Practice what you preach
Practice what you preach
Engaging employees with the power of creativity.
“Curiosity is hard-wired into the brain, but we’ve been taught to suppress it. Now it’s time for that to change. The workplace — where we spend most of our waking hours and often seek fulfillment — would be an excellent place to start.” — Todd Kashdan, Ph.D.
“Unicorn” … “ideate” … “visionary” … “disrupt” … How many of these buzzwords du jour have you heard on the job? Todd Kashdan says that businesses often pay lip service to the value of curiosity and creativity, but lack the resources, resolve, and structure to genuinely nurture it.
Kashdan, a U.S. psychology professor and senior scientist at the Center for the Advancement of Well-Being at George Mason University in Washington, D.C., believes that empowering employees to express curiosity boosts their productivity, their ability to come up with innovative solutions and, somewhat surprisingly, their sense of well-being.
“The best research in this area indicates that the most curious people are also the most fulfilled,” Kashdan explains. “That’s because curiosity demands that we engage with the world around us right now in a meaningful and complex way. … It sustains interest in a moment we can actually grasp.”
Curiosity expert Dr. Patrick Mussel echoes Kashdan’s enthusiasm for curiosity on the job. Mussel is a German professor and researcher at Julius-Maximilians-Universität Würzburg who studies curiosity with an emphasis on the workplace and was the first to develop a workplace curiosity scale.
“Curiosity fosters learning, and job-related knowledge is one of the most important determinants of job performance,” he explains. “This might be especially true during training, but also from the perspective of life-long learning.”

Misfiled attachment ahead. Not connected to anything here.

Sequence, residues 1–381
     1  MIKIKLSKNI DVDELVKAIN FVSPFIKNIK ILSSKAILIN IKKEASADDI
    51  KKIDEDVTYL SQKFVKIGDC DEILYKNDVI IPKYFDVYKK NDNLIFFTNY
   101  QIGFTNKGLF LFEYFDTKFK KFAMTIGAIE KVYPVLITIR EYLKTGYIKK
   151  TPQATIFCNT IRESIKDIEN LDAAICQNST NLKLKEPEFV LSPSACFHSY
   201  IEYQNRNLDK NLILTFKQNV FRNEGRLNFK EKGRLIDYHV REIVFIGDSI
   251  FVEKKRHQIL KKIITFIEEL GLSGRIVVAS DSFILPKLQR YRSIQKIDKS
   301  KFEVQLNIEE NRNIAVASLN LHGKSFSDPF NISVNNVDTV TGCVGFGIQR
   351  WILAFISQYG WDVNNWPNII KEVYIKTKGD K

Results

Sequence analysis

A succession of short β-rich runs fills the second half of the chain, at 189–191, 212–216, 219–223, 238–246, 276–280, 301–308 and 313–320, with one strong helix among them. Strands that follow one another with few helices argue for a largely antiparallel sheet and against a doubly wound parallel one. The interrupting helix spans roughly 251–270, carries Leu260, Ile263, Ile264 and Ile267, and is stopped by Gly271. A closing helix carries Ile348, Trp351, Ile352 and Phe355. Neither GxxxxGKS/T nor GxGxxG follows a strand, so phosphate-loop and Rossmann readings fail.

Mussel adds that curiosity is especially helpful during periods of change, such as when an organization goes through restructuring. “Curious people ask more questions,” he emphasizes, “which is often the key to understanding a person or a problem.”
A look into the state of curiosity in the workplace
To gain further insight into the role of curiosity on the job, Merck KGaA, Darmstadt, Germany surveyed more than 2,600 workers in the United States. The Curiosity Report, which drew on Mussel’s research and was conducted last year by Harris Poll, asked participants questions designed to shed light on the state of professional inquisitiveness, how curiosity is generated in the workplace, and whether or not it can be taught.
Survey respondents working in the fields of entertainment, media, and household and personal products reported working in environments most open to curiosity, while those in the food and beverage industry ranked theirs least open.
Creating a culture of curiosity Kashdan partnered with Merck KGaA, Darmstadt, Germany to analyze the survey’s findings. He identifies three areas that companies might focus on to empower team members to be curious and creative.
Reward questioning — from why things are done the way they are, to why a supervisor or leader holds a particular view.
Emphasize observation — rather than having customers fill out satisfaction surveys, watch what they do, making note of obstacles or other things that impact their experience.
Seek different perspectives — encourage minority voices and ensure that no good idea is lost because of shyness, intimidation, or institutional sexism and racism.